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April 24, 2004 - The Ottawa Citizen (CN ON)

Blinded By Drugs

Return to Drug War News: Don't Miss Archive

Last week, the U.S. commission examining the Sept. 11 attacks issued a statement of facts that helps explain why the Federal Bureau of Investigation failed to stop the al-Qaeda plot. Counter-terrorism just wasn't a priority for the FBI, the commission said. Instead, the bureau was too busy fighting the never-ending war on drugs.

"As the terrorism danger grew, (FBI) Director (Louis) Freeh faced the choice of whether to lower the priority the FBI attached to work on general crime, including the war on drugs, and allocate those resources to terrorism," the commission noted. Formally, the FBI did make terrorism the priority, but "it did not shift its human resources accordingly."

In 2000, "there were twice as many agents devoted to drug-enforcement matters as to counter-terrorism" and even agents who were assigned to counter-terrorism were often moved temporarily to drugs and crime.

The 9/11 commission also noted that on May 9, 2001, Attorney General John Ashcroft testified at a hearing that the Justice Department had no higher priority than preventing terrorism. But a day later, "the department issues guidance for developing the fiscal year 2003 budget that made reducing the incidence of gun violence and reducing the trafficking of illegal drugs priority objectives." The directive didn't even mention counter-terrorism.

The FBI's misallocation was confirmed immediately after the Sept. 11 attacks when more than 400 agents were shifted to counter-terrorism -- almost all coming from drug investigations.

What the commission has confirmed is something this newspaper has argued for many years. One of the terrible costs of the war on drugs is the good that could be done if the money and manpower lavished on this futile fight were instead devoted to other priorities. Every officer doing buy-and-busts is an officer not going after thieves, rapists and murderers. Every investigator tracing cocaine profits is an investigator not looking for terrorists.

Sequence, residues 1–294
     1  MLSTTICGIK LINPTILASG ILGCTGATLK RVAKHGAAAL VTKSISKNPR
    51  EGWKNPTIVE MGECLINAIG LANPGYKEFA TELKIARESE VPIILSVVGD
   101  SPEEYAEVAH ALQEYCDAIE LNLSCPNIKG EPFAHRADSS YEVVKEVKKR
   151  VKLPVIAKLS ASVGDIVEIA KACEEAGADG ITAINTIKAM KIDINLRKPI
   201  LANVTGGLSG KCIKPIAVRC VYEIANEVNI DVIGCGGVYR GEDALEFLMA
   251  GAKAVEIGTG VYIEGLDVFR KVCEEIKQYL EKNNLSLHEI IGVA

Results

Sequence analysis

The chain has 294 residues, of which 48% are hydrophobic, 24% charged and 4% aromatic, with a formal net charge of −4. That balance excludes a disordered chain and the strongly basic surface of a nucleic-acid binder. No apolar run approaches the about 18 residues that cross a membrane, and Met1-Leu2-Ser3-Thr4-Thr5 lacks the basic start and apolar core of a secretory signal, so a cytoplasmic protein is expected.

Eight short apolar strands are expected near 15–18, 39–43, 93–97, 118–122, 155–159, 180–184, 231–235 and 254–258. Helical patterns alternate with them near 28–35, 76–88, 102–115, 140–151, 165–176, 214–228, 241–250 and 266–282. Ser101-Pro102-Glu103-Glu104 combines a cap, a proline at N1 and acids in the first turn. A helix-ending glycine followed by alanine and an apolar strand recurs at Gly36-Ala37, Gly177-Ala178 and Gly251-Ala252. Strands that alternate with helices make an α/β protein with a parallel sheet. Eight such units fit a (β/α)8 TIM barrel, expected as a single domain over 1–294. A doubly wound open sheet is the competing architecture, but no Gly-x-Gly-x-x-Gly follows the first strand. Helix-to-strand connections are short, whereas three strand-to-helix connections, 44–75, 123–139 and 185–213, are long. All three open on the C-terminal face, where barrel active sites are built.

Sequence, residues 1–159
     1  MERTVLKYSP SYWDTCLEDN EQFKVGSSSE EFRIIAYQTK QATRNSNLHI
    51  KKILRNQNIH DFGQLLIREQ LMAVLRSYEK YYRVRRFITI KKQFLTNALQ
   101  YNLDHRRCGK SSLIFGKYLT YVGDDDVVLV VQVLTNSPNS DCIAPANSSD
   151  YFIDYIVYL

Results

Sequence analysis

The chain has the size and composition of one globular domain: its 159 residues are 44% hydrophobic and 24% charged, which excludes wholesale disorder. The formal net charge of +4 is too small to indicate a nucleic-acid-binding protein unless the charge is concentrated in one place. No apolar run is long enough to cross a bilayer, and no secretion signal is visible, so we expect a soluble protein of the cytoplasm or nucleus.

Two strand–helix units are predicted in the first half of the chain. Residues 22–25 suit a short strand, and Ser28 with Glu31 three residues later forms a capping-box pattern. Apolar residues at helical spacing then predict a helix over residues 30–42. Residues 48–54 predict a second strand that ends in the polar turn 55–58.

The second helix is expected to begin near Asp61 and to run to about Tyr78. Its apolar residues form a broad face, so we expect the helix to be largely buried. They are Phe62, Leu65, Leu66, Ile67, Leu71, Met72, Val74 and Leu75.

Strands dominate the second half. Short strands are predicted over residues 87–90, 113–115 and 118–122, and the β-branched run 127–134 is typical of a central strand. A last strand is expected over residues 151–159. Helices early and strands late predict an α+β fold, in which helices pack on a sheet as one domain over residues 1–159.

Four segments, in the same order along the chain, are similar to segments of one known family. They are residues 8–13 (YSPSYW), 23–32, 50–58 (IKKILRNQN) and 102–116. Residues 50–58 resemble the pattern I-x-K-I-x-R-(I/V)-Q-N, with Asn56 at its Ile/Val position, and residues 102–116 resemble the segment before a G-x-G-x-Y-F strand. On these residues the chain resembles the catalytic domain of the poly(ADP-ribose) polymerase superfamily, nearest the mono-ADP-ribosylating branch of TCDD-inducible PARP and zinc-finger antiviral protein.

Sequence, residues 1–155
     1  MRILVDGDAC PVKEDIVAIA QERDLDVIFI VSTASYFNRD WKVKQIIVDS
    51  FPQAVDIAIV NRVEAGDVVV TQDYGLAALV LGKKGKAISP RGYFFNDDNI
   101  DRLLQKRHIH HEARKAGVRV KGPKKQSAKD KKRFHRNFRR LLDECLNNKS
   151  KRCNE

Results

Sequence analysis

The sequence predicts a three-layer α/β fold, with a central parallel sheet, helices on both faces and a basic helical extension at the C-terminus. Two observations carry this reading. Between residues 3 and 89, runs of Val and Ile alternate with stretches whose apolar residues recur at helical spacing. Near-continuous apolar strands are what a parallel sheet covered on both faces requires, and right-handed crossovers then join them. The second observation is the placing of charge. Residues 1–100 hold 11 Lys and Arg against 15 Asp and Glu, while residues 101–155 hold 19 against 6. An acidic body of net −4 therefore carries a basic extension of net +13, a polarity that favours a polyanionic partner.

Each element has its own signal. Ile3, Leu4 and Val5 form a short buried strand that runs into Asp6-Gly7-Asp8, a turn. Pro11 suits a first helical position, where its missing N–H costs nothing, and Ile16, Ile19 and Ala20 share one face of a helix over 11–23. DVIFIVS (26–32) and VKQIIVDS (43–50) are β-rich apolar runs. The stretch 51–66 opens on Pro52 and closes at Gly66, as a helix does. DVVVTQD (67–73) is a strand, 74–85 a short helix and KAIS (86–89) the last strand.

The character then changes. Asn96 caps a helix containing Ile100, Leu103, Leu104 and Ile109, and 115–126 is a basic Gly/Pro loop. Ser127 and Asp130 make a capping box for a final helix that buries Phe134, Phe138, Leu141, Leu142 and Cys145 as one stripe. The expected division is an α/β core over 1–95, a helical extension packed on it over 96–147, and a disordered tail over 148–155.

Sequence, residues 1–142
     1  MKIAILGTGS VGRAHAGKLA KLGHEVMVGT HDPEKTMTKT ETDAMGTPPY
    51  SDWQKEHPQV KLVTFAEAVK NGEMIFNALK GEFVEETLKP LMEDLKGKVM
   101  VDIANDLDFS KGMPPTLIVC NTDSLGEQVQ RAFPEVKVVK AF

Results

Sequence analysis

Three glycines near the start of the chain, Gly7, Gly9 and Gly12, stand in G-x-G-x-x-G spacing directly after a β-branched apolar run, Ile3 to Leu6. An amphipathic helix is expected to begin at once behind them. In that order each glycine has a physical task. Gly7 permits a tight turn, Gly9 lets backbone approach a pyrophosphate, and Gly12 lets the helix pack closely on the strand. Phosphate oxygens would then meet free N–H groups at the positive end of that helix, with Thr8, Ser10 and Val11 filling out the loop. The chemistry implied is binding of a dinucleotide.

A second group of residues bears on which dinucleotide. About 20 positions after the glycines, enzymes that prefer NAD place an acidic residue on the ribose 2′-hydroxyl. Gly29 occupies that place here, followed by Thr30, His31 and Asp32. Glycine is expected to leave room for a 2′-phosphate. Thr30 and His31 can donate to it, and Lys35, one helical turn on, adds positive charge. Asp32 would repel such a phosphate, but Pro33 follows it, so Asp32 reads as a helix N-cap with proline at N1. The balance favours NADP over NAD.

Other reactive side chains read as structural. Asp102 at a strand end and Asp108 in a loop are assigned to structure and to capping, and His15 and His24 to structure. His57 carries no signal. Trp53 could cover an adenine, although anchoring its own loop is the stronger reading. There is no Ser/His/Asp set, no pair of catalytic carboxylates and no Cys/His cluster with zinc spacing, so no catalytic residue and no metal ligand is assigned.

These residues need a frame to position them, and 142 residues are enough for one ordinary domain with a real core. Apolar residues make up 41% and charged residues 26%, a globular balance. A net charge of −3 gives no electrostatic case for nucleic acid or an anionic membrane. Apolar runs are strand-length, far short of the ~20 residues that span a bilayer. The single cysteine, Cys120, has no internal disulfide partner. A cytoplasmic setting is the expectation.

Certainly Canadian governments haven't figured this out, as demonstrated by the recent massive bust of a marijuana and ecstasy ring headquartered here in Ottawa. The police crowed even though the bust will have no substantial effect on the supply of drugs (they never do).

The American government hasn't learned its lesson, either. Not long after the Sept. 11 attacks, the DEA and FBI spent millions of dollars busting medical marijuana growers in California. And in 2003, federal officers conducted a nation-wide sweep of businesses selling "drug paraphernalia" -- bongs and pipes -- that netted 65-year-old Tommy Chong, of Cheech and Chong fame.

In 1996, Arnold Trebach, a legendary opponent of drug prohibition, gave a speech noting that "all of us would be infinitely safer if the courageous efforts of anti-drug agents in the U.S. ... and other countries were focused on terrorists aimed at blowing up airliners and skyscrapers (rather than) drug traffickers seeking to sell the passengers and office dwellers cocaine and marijuana."

We will never know what would have happened had the FBI taken Mr. Trebach's advice. But we do know what happened when the FBI continued to fight the futile war on drugs.

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